• Sorry John I should have explained more clearly. E.I is Exposure Index and yes half box speed for Tri-X or HP5 would be 200asa or iso. It effectively means you are overexposing the film by one stop. At first I was wary of this, after all it’s not what the film manufacturer recommends but there are two things here – one is that black and white negative film (and colour negative ‘though not slide film) has very good built in exposure latitude (excellent dynamic range) meaning it’s pretty hard to burn out the highlights. I reckon you could overexpose Tri-X or HP5 by 5 stops and still get a print (or scan). This would be pretty extreme but overexposing by one stop allows more shadow detail onto the negative whilst still retaining highlight detail. The second thing is that Rodinal doesn’t seem to achieve full film speed like ,say, DDX or stock D76 (maybe it doesn’t work as vigorously) so allowing more light to the film compensates for this. I’m not very scientific and these are only my findings so experimenting for yourself is important (and fun)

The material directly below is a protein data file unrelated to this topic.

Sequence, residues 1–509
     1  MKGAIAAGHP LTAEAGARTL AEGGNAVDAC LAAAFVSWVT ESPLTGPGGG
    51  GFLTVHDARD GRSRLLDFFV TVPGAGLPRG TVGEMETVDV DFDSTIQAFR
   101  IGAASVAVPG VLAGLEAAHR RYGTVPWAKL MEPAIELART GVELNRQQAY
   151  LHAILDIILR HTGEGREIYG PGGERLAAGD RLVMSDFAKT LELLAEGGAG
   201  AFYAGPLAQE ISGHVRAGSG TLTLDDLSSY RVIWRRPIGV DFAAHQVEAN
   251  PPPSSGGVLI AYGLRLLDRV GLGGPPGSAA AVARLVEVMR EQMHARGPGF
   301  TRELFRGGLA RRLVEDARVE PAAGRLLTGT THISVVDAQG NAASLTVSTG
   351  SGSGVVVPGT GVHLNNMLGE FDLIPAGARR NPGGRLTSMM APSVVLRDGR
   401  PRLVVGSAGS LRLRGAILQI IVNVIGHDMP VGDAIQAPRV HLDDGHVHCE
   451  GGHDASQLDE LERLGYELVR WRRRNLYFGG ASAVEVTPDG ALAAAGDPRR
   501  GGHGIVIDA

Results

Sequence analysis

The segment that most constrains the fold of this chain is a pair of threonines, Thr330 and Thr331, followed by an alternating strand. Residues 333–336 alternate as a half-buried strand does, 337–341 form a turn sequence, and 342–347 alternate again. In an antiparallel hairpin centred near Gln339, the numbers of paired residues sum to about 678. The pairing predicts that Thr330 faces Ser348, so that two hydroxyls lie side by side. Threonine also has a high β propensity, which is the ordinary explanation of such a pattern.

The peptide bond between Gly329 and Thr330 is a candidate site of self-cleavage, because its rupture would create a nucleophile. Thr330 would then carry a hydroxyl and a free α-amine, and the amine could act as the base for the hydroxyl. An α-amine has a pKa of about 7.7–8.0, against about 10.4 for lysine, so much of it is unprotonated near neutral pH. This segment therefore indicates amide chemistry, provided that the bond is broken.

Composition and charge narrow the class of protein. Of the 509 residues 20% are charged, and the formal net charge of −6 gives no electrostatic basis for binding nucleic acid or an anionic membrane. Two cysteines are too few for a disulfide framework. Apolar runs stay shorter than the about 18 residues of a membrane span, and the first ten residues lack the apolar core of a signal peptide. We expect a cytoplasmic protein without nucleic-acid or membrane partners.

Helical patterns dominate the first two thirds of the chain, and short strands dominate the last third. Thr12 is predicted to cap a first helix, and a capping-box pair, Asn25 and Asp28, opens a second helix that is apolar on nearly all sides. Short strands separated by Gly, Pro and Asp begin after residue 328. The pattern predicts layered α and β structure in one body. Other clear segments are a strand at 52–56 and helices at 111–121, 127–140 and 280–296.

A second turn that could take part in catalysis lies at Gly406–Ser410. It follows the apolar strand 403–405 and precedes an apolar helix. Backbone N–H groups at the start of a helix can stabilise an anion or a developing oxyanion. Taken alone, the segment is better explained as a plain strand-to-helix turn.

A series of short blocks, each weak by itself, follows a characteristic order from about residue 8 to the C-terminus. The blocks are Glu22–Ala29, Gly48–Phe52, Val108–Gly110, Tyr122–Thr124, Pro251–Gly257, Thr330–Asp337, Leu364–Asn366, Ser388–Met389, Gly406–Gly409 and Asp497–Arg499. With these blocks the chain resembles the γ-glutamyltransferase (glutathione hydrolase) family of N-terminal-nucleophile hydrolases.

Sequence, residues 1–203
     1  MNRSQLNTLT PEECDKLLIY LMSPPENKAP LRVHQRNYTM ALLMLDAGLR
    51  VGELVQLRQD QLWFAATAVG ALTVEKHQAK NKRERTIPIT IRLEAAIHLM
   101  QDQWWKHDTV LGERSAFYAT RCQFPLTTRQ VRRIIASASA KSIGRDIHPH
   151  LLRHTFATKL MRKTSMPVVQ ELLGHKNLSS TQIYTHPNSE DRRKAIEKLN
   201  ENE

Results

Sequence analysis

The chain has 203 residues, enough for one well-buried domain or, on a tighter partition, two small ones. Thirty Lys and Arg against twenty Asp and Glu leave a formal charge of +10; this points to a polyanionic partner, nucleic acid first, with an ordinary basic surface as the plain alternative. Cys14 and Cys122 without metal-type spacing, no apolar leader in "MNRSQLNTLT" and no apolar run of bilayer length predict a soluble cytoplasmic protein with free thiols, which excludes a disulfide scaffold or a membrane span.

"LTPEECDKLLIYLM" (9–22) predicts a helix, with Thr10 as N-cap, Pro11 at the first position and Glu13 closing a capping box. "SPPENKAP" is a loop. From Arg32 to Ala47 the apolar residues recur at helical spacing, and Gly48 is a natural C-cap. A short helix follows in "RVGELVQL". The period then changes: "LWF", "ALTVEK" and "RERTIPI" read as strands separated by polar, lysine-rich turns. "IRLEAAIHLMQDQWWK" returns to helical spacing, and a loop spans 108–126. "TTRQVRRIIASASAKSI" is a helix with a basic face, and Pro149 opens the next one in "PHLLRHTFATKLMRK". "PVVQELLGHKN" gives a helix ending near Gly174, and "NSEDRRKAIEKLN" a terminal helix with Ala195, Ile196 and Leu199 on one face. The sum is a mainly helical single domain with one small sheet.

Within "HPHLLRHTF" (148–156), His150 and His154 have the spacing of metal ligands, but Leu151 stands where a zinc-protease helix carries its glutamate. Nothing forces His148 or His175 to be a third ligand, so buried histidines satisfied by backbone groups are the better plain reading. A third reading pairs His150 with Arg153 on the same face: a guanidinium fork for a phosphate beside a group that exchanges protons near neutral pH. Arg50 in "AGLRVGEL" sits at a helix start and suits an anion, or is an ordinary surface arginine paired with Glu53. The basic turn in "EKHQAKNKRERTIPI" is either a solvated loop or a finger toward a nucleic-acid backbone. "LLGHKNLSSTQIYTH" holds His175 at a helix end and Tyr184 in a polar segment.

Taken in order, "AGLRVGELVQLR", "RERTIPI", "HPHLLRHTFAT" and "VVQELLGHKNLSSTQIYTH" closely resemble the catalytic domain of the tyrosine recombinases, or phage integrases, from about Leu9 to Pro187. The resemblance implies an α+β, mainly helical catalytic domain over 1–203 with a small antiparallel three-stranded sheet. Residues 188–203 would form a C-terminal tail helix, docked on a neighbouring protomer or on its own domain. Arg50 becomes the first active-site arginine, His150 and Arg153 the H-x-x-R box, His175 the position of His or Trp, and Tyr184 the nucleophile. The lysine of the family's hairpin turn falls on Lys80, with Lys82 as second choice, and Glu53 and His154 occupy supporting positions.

I’ve just finished a free trial period with Photoshop and am considering whether to buy that or Lightroom. Basically I just need something to resize and sharpen.

      • John,

        Thanks for continuing to teach. It helps to have someone that’s been there and done that and I appreciate it.

        It was so sunny this weekend I tried a role of Kodak Ektar 100 but I’m anxious to use your latest tip about shooting at half the box speed. Is the E.I. for all films published some where or is it trail and error. Also, do you meter the same way.